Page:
World-famous environmental heroine Julia Butterfly Hill has climbed another tree to stop a new injustice.
Julia gained global fame for living for two years in a redwood to prevent it from being chopped down. But this time, her perch is far from the quiet redwood forests of northern California. Today, she is in the middle of South Central Los Angeles.
The tree is in the middle of a huge urban farm, that feeds hundreds of residents and is slated to be bulldozed. And Julia is putting her body on the line, to give the community time to raise the funds to buy the land. The community needs $16 million. With the help of Julia and folk singer Joan Baez, the gap has narrowed this to about $4 million.
People who want to contribute can do so through the South Central Farmers site that operates the urban farm.
I know that some cynics will snicker and sneer. But I don't care. I am very proud of Julia.
We often criticize the eco-elite for standing aside or looking away when the urban poor are struggling for their rights. So many of us TALK about the need for progressives to get out of our single-issue silos (choice, environment, civil rights, etc.) and link arms with other struggles. But so few ever do.
Well, Julia Butterfly Hill is SHOWING the way forward for all of us with her actions. And -- in these days of oil shocks and obesity epidemics -- I can't imagine a more worthy cause than helping to ensure that urban folks can maintain a healthy connection with the land and guarantee their own food security.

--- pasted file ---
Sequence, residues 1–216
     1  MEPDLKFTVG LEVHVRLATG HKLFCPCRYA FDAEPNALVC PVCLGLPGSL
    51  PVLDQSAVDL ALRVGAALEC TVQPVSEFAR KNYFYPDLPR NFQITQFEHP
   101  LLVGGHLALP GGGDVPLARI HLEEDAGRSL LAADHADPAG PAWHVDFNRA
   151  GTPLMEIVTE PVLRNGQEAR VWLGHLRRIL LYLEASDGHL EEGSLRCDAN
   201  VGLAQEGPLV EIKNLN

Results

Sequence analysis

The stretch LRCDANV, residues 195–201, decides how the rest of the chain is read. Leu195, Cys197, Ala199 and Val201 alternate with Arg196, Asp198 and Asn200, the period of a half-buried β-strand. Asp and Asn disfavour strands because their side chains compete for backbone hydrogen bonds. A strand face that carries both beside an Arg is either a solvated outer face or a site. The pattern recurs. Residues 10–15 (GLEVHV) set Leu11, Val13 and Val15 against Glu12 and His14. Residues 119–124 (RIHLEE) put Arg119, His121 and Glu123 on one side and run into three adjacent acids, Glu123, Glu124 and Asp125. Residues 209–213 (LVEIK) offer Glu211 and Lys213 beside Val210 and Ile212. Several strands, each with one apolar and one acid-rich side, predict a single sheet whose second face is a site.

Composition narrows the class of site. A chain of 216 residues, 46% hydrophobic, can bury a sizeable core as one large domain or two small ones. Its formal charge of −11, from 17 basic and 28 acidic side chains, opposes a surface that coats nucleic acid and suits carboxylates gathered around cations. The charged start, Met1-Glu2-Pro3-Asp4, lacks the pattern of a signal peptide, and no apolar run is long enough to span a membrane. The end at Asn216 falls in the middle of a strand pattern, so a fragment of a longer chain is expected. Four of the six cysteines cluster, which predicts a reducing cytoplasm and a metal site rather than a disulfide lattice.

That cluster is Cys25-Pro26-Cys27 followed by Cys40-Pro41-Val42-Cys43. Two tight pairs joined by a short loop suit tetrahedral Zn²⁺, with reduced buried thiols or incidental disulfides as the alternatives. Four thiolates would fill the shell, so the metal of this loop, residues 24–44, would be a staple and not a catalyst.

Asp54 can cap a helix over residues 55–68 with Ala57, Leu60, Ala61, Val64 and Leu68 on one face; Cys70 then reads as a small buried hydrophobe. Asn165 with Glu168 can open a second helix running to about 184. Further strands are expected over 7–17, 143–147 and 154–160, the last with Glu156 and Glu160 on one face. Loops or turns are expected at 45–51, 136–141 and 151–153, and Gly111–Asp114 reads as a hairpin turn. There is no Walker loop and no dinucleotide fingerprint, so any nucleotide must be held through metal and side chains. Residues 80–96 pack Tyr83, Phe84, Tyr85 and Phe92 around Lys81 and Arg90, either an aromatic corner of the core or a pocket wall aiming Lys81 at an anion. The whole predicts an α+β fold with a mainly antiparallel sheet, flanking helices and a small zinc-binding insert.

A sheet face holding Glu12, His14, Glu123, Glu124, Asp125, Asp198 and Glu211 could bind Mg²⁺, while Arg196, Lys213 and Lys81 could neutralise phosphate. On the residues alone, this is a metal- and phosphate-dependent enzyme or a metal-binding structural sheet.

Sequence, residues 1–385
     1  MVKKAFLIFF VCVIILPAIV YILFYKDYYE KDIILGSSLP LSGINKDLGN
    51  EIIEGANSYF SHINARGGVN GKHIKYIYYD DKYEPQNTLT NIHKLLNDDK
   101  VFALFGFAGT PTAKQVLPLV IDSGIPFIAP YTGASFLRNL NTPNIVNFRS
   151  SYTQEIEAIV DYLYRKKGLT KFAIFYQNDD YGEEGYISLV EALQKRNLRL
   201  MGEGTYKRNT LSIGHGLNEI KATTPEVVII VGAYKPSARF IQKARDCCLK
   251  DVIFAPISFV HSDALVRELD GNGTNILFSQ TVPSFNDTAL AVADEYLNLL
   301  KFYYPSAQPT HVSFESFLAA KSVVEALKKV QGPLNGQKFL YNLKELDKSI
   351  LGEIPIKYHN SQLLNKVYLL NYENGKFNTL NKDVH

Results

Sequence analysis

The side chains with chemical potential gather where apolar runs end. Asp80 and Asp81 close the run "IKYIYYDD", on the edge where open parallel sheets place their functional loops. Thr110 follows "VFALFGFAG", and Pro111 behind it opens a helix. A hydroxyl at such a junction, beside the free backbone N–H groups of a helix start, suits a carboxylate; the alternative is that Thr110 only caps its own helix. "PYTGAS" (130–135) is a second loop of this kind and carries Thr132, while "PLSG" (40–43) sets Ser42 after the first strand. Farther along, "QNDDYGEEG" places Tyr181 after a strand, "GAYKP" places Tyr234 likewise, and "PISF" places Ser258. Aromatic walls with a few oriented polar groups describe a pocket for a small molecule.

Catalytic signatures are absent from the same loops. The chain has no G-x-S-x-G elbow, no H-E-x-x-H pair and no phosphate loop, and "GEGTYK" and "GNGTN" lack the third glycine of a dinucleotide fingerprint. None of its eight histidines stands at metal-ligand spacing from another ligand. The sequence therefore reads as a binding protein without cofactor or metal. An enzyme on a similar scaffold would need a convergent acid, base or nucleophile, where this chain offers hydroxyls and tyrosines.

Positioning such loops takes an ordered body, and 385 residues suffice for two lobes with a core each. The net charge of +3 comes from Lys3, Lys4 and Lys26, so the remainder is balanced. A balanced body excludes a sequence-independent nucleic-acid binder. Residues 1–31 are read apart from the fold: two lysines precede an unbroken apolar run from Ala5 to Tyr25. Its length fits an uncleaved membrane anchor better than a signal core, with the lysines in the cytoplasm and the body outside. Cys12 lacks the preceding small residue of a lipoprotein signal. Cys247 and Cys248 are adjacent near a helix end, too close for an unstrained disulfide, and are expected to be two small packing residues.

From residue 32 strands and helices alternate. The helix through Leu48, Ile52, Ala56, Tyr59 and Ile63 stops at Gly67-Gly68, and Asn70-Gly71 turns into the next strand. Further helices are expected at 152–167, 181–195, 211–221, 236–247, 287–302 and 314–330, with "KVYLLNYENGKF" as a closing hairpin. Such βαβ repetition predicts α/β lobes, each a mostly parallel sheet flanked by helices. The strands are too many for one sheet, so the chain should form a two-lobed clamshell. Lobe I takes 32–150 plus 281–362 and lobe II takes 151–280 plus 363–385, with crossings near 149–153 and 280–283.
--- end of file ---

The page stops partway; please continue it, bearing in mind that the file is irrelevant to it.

Of course, I am not surprised that Julia has taken this stand. After her famous tree-sit (which ended in 1999), Julia moved to Oakland, California, where she has become a beloved and active resident.
In other words, though the media is just now figuring it out, Julia Butterfly long ago transformed herself from "forest goddess" to "urban heroine." I just hope the rest of us can learn to cross racial and issue divides as joyously and beautifully as she has done.
In the meantime, she and the Urban Farmers deserve our support. (Check out the information from Julia's colleagues at Circle Of Life, plus some news coverage, in the box at the top.)
Editor's Note: About 40 people were arrested Tuesday, June 13, as Los Angeles County Sheriff's Deputies evicted the protesters from the farm. Mayor Antonio Villaraigosa expressed disappointment that the owner rejected a $16 million offer to buy the property.